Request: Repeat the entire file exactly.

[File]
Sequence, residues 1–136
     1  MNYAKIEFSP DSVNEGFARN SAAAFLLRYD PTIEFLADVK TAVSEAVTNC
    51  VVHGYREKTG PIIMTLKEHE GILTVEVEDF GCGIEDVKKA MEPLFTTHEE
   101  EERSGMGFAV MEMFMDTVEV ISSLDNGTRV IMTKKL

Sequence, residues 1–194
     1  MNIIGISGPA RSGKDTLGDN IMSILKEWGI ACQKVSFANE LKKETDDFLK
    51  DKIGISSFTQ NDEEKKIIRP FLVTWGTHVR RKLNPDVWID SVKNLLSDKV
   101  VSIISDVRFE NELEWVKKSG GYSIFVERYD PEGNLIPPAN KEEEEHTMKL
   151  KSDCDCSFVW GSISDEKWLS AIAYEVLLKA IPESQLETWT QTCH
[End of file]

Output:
Sequence, residues 1–136
     1  MNYAKIEFSP DSVNEGFARN SAAAFLLRYD PTIEFLADVK TAVSEAVTNC
    51  VVHGYREKTG PIIMTLKEHE GILTVEVEDF GCGIEDVKKA MEPLFTTHEE
   101  EERSGMGFAV MEMFMDTVEV ISSLDNGTRV IMTKKL

Sequence, residues 1–194
     1  MNIIGISGPA RSGKDTLGDN IMSILKEWGI ACQKVSFANE LKKETDDFLK
    51  DKIGISSFTQ NDEEKKIIRP FLVTWGTHVR RKLNPDVWID SVKNLLSDKV
   101  VSIISDVRFE NELEWVKKSG GYSIFVERYD PEGNLIPPAN KEEEEHTMKL
   151  KSDCDCSFVW GSISDEKWLS AIAYEVLLKA IPESQLETWT QTCH